Roanoke Baptist walks to honor exceptional student - Word&Way

Roanoke Baptist walks to honor exceptional student

ROAKOKE, Va. — For Shirley Young, finishing the race is part of keeping the faith. At 84, she’s walking in “Run With Grace” to honor a friend  who died before she could finish her own races.

Grace Lovegrove donated four of her body’s organs when she died. Something else about Grace lives on in Shirley Young.


Shirley Young smiles at fellow walker as she trains for the 5th annual Run for Grace.

Young has walked in the annual Run with Grace 5K each year since the memorial fundraiser began in 2006, one year after Lovegrove’s sudden death.

“I love the Lord and Grace did, too,” Young said. “That is my connection with her — the spiritual.”

Lovegrove, a former track star at Patrick Henry High School in Roanoke Va., died Jan. 12, 2005, two days after collapsing during a training run at Christopher Newport University in Newport News, Va. She was 18.

An otherwise healthy college freshman, Lovegrove died from cardiac arrest after an electrical imbalance stopped her heart. Friends and teammates started the memorial run to raise money for her high school track team, and to fund a scholarship at Patrick Henry in her name.

Young met Lovegrove at Rosalind Hills Baptist Church when Lovegrove was in fifth grade. The 10-year-old eagerly answered when Young asked children to name the books of the Bible, earning Lovegrove a crisp $5 bill.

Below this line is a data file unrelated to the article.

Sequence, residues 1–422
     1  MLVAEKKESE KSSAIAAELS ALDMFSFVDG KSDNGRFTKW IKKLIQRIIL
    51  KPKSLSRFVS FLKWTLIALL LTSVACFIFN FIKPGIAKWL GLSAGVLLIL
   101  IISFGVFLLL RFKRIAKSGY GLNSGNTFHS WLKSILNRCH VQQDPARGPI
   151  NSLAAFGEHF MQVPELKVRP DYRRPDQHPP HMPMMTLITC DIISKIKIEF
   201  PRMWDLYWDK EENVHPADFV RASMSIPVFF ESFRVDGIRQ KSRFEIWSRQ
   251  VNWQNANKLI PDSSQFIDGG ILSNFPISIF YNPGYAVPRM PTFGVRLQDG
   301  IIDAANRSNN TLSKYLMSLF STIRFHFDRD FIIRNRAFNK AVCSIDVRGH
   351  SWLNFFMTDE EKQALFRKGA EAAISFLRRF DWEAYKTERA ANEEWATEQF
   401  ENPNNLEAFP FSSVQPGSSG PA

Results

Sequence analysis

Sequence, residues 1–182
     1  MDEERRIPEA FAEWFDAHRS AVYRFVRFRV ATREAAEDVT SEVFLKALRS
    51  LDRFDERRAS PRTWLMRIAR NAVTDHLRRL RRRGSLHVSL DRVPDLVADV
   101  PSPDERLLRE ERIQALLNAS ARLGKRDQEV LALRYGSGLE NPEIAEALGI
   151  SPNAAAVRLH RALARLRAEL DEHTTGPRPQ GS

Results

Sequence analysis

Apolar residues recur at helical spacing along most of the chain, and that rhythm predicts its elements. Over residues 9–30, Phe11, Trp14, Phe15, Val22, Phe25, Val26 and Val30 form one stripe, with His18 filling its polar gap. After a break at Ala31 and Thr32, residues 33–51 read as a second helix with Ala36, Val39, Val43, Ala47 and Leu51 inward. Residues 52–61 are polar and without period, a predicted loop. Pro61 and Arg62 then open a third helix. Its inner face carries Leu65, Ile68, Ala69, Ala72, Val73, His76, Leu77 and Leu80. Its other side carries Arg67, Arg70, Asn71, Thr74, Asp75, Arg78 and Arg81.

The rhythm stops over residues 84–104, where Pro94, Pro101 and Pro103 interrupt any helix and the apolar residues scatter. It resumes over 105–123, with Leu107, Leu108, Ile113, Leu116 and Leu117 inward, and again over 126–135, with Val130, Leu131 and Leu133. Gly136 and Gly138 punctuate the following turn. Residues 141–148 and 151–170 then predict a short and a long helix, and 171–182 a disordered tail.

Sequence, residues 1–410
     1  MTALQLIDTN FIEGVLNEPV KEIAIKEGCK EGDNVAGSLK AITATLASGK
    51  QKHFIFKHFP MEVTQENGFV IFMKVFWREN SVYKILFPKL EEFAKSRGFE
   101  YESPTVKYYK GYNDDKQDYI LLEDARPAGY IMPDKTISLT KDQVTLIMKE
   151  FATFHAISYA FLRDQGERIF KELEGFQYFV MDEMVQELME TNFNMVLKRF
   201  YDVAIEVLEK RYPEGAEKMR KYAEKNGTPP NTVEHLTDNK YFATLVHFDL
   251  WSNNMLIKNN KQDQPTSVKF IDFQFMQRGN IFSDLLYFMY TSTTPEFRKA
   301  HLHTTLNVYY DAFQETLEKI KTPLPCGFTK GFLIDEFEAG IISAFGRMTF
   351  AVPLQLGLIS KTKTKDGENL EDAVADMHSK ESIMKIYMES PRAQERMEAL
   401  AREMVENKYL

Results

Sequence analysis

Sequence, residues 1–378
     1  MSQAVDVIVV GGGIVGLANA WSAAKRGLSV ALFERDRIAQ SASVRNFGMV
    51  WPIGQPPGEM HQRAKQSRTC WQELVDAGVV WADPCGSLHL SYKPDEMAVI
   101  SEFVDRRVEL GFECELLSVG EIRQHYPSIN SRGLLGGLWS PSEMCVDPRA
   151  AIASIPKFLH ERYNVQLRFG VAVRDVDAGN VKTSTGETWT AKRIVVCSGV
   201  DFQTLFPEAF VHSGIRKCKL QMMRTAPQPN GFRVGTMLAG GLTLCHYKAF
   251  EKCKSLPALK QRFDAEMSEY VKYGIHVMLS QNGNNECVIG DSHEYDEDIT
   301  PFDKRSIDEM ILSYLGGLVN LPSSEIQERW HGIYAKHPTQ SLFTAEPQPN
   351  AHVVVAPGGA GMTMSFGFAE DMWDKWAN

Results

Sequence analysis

The two remained close through Lovegrove’s middle and high school years, Young said.

“She was unusual in that she was kind to older people, and younger children, and to everybody,” Young said. “You don’t see that a lot of times in teens.”

Community members organized the first Run with Grace event a year after Lovegrove’s death and Young was one of the first participants to sign up.

“I loved her, and I wanted to support something that would keep her memory alive,” Young said. “It’s a fun thing for me as well as something I feel good about doing — to honor the Lord and to honor Grace.”

Young hasn’t let her age or the fact that she’s legally blind prevent her from walking in the race. Even though her daughter walks in the race ahead of her to point out obstacles, Young has taken a fall while participating every year, save one.

At the first race in 2006, Young tumbled in the mud toward the end of the 5K. Bloodied and dirty, she insisted on finishing.

“I told her, ‘You could just walk the field here and go across the finish line,’” said Rick Lovegrove, Grace Lovegrove’s father. “She just looked at me and said, ‘No. I’m going to finish this.’ ” The race includes a 1-mile fun run, but Young said it’s not for her.

“I’m committed to do it [walk in the event] just as long as I can move my legs,” she said.

Young walks daily around her apartment complex on Grandin Road. Four laps around the parking lot adds up to about 1 mile.

“I promised my children I’d stay on the sidewalks,” she said. With eight children and 12 grandchildren, Young said she still thinks of Lovegrove as her own daughter.

“I think of her often when I’m walking,” she said. “It makes me feel young all over again.”

Reprinted with permission from the Roanoke Times.